Artificial liver for drug tests

June 25, 2009

If you have hay fever, headaches or a cold, it's only a short way to the nearest chemist. The drugs, on the other hand, can take eight to ten years to develop. Until now animal experiments have been an essential step, yet they continue to raise ethical issues. "Our artificial organ systems are aimed at offering an alternative to animal experiments," says Professor Heike Mertsching of the Fraunhofer Institute for Interfacial Engineering and Biotechnology IGB in Stuttgart. "Particularly as humans and animals have different metabolisms. 30 per cent of all side effects come to light in clinical trials." The test system, which Professor Mertsching has developed jointly with Dr. Johanna Schanz, should in future give pharmaceutical companies greater security and shorten the path to new drugs. Both researchers received the "Human-centered Technology" prize for their work.

"The special feature, in our liver model for example, is a functioning system of blood vessels," says Dr. Schanz. "This creates a natural environment for cells." Traditional models do not have this, and the cells become inactive. "We don't build artificial blood vessels for this, but use existing ones - from a piece of pig's intestine." All of the pig cells are removed, but the blood vessels are preserved. Human cells are then seeded onto this structure - hepatocytes, which, as in the body, are responsible for transforming and breaking down drugs, and endothelial cells, which act as a barrier between blood and tissue cells. In order to simulate blood and circulation, the researchers put the model into a computer-controlled bioreactor with flexible tube pump, developed by the IGB. This enables the nutrient solution to be fed in and carried away in the same way as in veins and arteries in humans. "The cells were active for up to three weeks," says Dr. Schanz. "This time was sufficient to analyze and evaluate the functions. A longer period of activity is possible, however." The researchers established that the cells work in a similar way to those in the body. They detoxify, break down drugs and build up proteins. These are important pre-conditions for drug tests or transplants, as the effect of a substance can change when transformed or broken down - many drugs are only metabolized into their therapeutic active form in the liver, while others can develop poisonous substances. The researchers have demonstrated the basic possibilities for use of the tissue models - liver, skin, intestine and windpipe. At the moment, the test system is being examined. Within two years it could provide a safer alternative to animal experiments.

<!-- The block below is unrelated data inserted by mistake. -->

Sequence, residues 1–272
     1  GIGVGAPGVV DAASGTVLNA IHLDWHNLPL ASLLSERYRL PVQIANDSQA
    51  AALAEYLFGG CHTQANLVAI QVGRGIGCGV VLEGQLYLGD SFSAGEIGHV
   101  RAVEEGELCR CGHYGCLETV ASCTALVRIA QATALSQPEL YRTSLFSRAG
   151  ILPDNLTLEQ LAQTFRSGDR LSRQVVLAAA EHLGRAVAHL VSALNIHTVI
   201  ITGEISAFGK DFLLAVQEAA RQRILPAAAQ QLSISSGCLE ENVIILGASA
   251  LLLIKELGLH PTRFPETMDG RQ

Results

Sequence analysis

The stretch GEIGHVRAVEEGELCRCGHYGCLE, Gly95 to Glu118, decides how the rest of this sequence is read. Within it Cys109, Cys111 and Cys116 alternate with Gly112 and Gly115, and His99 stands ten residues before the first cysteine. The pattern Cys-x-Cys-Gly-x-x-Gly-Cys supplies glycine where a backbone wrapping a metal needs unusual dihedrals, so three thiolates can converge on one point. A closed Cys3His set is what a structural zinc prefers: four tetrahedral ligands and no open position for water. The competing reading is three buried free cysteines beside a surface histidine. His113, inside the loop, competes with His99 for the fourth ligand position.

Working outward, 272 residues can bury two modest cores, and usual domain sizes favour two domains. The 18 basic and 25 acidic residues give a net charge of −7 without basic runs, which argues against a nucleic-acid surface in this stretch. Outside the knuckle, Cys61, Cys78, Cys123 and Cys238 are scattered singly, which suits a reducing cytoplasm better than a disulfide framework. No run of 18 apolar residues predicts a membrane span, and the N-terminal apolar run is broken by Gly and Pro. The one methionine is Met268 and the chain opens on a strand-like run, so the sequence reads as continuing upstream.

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Fraunhofer-Gesellschaft

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